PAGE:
A catastrophic volcanic eruption on the Isle of Skye is likely to have caused major changes in the world's climate.
Researchers from Scotland, Sweden and England have linked the explosion to a prehistoric spike in global warming.
It is the first time a large-scale explosive eruption has been confirmed in Scotland.
The term Palaeocene-Eocene Thermal Maximum (PETM) does not exactly trip off the tongue. It's none too easy to get out of the keyboard either.
But it played a huge role in shaping the prehistoric world.
It happened about 56 million years ago.
We're talking geological timescales here so "about" is close enough. No need to time it down to the second or even millennium.
It was a massive climate disturbance that caused global temperatures to shoot up by 8C, four times the increase predicted to create huge problems for present-day humans.
Writing in the journal Scientific Reports the researchers say they have found evidence of an explosion in the same league as the eruption of Krakatau in 1883.
It was one of the biggest volcanic catastrophes in recorded history. The shock waves travelled round the world three and a half times.
The huge amounts of particles thrown into the atmosphere caused global temperatures to fall for several years as the ashes blocked sunlight.
So why is the Skye explosion being identified as a contributor to the global warming of the PETM? Again, it's a question of timescale.
Eventually the dust of a volcanic eruption will settle but millions of tonnes of greenhouse gases such as carbon dioxide are also thrown into the atmosphere and will persist.
That is why scientists associate the PETM with volcanic activity in the North Atlantic region, especially in what is now Greenland, the British Isles and the North Sea.
None of these places were called that then as there were no humans to name them, nor were they exactly where they are now.
Skye was not Skye, nor did it yet have the Red Hills. But it is there that the team say the Krakatau-scale catastrophe took place.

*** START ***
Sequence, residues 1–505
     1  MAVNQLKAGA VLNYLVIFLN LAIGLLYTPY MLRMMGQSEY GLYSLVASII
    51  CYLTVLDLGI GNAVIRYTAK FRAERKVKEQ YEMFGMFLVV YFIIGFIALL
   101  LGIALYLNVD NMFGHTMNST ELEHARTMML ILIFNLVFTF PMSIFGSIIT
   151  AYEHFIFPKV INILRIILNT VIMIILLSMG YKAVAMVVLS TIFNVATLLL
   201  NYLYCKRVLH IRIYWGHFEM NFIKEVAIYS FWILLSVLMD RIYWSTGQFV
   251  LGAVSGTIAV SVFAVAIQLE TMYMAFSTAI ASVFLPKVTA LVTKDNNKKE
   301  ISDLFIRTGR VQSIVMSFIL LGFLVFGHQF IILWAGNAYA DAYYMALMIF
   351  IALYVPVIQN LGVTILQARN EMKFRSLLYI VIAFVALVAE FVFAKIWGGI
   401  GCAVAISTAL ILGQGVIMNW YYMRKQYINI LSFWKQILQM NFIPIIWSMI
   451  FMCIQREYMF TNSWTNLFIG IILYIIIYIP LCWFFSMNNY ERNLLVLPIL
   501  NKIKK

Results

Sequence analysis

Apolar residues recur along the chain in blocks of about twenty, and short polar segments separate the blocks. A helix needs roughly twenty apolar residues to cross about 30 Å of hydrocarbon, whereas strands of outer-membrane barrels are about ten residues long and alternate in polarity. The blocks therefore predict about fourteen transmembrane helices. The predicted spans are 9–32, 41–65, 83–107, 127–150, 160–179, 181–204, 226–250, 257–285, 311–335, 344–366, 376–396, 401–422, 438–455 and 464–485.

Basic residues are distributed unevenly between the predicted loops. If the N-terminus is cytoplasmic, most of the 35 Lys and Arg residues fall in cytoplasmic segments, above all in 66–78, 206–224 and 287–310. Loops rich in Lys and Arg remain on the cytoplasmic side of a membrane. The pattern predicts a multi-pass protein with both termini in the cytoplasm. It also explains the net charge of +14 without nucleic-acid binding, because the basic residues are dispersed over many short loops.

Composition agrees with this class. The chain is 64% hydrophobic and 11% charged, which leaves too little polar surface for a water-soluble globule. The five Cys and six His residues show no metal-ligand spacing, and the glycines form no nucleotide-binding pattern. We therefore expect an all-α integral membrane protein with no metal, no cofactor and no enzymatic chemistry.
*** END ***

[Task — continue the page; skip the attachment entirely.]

The research was a collaboration involving the University of St Andrews, the Scottish Environmental Research Centre at East Kilbride, Sweden's Uppsala University and Durham University.
They found their evidence in pitchstones. If that sounds like a stone that's been chucked a fair distance that's because it is.
Pitchstones are created when volcanic lava or magma cools quickly. It creates a glassy rock. Much later, it was prized by Stone Age humans.
The researchers found pitchstone outcrops from a single, huge eruption 18 miles (30km) apart on Sgùrr of Eigg and the Skerry of Òigh-sgeir (Hyskeir) in the Inner Hebrides.
They say both sets of stones had an identical composition and came from the same place - Skye.
Among the methods they used to identify and date the pitchstones was isotope geochemistry which measures the relative levels of isotopes in rock samples.
The research confounds the previously accepted view that the Scottish sector of the North Atlantic did not see any large explosive eruptions at the time of the PETM.
Instead, the authors say these large eruptions are likely to have been a major contributing factor to that enormous climate disturbance.